Lord and Paice informed a still teary-eyed Coverdale that they’d already decided to end Deep Purple. Hughes had actually provided the final nudge that night onstage.
“At one point during the show, Glenn said to the audience, ‘I’m sorry we’re not playing very well, but we’re very tired and jet-lagged.’ And I remember spluttering to myself, ‘Speak for yourself,'” Lord says in Gettin’ Tighter: The Story of Mk IV. “I was working like a Trojan to try to make this work, Paicey was playing like a madman just to keep it all together. Coverdale was singing his socks off. So, to hear this guy who was extremely high on various substances telling the audience, ‘I’m sorry, we aren’t playing well’ kind of rankled me a bit.”
Afterward, Lord and Paice had an emotional discussion. “I said, ‘Ian, that’s it, isn’t it? That’s absolutely the end of this band as far as I’m concerned. Why are we doing this to ourselves?'” Lord added. “So, he and I shook hands and said, ‘It’s over. Thank God.’ About 10 minutes later, Coverdale came in, big blustery guy that he is, and he said, ‘I’m leaving the band!’ And we said, ‘David, there’s no band to leave.'”
Coverdale ultimately felt that there had been too many compromises in Deep Purple, too many times where they allowed their fates to be dictated by outside forces – or by simple lethargy. He vowed to do things differently moving forward, and he followed through: Coverdale’s next band, Whitesnake, would become an ever-evolving amalgam featuring a seemingly countless number of musical collaborators.
Hughes was the last to find out that Deep Purple were finished. “So, I’d flown over to England for Ian Paice’s wedding, and Glenn was going, ‘Oh, Dave, I’ve got all of these great ideas; we’ve got to use our voices more,’ and all this – and I go, ‘Glenn, hasn’t anybody told you? I’m out,'” Coverdale said in Sail Away: Whitesnake’s Fantastic Voyage.
“And he was utterly shocked,” Coverdale added, “and I was, like, ‘We blew it. It could have been incredible, but we blew it.’ Which is one of the reasons now, if I feel that kind of negative energy creeping into any scenario – even private ones, let alone professionally – I change it. If I can’t see the light, I change it.” They agreed to wait to make an official announcement, and the news wasn’t confirmed until July 1976. Even then, however, Coverdale still hadn’t made much progress in mapping out his next move. “I was frightened to leave the band,” he later admitted. “Purple was my life. Purple gave me my break, but all the same I wanted out.”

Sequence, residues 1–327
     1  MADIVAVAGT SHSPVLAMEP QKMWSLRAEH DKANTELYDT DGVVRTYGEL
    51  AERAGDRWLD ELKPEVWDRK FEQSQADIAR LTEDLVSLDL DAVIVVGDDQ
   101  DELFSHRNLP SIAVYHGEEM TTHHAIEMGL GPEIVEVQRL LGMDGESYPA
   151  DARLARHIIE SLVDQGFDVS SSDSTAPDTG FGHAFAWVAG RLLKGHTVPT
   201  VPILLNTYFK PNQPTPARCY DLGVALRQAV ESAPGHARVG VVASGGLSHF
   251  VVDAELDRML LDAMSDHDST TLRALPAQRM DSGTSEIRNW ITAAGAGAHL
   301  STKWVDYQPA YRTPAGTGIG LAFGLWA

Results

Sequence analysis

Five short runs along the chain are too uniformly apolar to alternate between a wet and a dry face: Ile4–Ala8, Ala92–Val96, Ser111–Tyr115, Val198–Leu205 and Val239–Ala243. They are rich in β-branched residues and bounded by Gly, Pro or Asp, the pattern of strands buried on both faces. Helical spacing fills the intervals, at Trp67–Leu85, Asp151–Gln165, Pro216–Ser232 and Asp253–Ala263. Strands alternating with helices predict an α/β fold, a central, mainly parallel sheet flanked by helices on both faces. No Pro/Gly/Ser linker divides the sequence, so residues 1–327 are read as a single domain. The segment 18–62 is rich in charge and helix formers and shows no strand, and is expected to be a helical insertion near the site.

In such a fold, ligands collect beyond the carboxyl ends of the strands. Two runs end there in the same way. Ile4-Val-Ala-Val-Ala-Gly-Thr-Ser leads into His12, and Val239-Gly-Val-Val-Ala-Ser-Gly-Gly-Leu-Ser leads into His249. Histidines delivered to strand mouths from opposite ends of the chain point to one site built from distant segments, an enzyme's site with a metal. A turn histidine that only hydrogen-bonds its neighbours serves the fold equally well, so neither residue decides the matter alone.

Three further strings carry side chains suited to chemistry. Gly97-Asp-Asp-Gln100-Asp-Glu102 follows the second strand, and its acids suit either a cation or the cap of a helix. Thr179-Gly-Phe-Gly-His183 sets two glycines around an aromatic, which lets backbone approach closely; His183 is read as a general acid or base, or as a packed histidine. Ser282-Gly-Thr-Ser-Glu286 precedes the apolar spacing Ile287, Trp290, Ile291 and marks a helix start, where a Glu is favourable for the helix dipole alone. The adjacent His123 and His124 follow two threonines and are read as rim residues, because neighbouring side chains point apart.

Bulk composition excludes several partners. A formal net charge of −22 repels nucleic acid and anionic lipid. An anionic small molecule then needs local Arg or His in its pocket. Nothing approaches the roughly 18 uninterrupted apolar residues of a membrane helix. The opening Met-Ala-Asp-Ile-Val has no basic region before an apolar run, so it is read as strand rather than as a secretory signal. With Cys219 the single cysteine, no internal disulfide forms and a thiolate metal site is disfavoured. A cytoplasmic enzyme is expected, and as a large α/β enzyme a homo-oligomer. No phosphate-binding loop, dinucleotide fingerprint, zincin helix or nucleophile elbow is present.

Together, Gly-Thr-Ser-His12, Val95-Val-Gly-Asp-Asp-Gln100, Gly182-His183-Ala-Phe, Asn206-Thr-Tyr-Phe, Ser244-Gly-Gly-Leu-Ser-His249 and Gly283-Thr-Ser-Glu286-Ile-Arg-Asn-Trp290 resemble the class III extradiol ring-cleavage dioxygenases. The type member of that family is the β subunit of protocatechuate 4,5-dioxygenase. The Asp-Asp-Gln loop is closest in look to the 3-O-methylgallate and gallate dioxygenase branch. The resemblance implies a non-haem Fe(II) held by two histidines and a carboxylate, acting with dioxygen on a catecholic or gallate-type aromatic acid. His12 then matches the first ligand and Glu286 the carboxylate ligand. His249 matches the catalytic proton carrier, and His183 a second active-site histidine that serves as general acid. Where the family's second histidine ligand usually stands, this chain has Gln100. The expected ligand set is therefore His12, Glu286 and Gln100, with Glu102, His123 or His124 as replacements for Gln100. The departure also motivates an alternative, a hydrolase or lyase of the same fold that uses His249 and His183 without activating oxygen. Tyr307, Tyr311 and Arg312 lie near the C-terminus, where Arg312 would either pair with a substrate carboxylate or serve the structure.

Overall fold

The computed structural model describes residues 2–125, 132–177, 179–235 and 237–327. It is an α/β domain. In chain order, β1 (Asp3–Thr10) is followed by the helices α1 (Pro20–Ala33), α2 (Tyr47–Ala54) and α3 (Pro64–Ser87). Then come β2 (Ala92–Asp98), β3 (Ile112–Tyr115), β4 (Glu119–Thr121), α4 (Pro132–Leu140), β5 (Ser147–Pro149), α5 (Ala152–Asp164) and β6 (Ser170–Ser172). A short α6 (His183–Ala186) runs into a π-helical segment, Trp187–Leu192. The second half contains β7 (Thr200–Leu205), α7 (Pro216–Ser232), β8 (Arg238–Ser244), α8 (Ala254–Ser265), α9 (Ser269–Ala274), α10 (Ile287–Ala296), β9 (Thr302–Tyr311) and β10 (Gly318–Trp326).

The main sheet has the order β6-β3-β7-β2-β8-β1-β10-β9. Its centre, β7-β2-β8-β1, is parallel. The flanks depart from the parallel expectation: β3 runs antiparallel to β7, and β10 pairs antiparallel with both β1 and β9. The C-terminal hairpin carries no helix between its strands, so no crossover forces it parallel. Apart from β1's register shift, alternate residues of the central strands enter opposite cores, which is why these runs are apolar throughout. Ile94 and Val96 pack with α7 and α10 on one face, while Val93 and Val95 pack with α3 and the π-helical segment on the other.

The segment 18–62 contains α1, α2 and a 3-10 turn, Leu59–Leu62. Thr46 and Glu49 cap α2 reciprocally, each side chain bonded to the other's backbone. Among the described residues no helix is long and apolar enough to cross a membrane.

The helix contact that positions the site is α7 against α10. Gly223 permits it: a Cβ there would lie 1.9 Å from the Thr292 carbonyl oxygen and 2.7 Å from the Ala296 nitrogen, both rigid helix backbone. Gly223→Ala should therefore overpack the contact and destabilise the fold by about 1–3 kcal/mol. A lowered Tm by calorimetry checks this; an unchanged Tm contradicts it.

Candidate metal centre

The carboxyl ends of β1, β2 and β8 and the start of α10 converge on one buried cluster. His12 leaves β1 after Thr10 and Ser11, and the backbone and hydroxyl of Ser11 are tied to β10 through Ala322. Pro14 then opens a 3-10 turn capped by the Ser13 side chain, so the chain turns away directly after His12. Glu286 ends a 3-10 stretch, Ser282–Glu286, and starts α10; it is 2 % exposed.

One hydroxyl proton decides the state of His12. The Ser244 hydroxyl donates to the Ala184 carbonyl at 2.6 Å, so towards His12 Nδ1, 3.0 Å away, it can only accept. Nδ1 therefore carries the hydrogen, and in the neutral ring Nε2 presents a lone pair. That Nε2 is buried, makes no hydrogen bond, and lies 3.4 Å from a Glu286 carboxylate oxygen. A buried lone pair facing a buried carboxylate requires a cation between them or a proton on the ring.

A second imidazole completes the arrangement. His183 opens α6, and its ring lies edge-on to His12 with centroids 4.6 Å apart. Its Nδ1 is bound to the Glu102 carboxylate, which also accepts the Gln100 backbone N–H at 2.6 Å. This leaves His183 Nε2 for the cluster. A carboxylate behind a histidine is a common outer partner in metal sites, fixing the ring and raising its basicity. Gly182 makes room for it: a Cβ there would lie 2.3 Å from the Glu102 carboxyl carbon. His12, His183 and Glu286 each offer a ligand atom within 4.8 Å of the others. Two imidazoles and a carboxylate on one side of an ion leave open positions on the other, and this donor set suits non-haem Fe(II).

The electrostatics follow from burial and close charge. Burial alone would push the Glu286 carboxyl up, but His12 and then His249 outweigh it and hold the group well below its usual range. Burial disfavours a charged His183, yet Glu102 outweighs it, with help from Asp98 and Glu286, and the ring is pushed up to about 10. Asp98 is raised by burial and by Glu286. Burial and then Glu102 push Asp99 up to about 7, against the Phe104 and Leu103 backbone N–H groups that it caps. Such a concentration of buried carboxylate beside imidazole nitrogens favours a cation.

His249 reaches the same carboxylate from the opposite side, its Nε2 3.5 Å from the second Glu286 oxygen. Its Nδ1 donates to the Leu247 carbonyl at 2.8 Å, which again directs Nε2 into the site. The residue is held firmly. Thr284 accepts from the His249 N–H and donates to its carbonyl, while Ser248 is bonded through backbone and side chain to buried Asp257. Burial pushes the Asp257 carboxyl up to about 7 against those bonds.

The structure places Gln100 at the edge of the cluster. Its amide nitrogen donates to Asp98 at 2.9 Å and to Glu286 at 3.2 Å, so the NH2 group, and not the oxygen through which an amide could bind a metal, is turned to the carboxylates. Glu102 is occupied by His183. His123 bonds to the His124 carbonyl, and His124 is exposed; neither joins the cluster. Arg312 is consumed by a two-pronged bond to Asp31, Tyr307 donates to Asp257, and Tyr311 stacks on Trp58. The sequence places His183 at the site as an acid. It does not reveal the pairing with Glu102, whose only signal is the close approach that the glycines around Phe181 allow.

Coverdale finally entered the studio in August to begin work on what would become his solo debut, 1977’s unsurprisingly rather tentative White Snake. “It’s very difficult to think back and talk sensibly about the first album,” Coverdale said in Sail Away. “White Snake had been a very inward-looking, reflective and low-key affair in many ways, written and recorded as it was in the aftermath of the collapse of Deep Purple.”
By the time the LP arrived on store shelves, Bolin had overdosed and died. White Snake sunk like a rock, but the name stuck. Lord and then Paice joined early versions of Coverdale’s new group, building a sturdy bridge to his second, far more celebrated chapter.
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Jon Lord and Ian Paice Were in One of Rock’s Forgotten Supergroups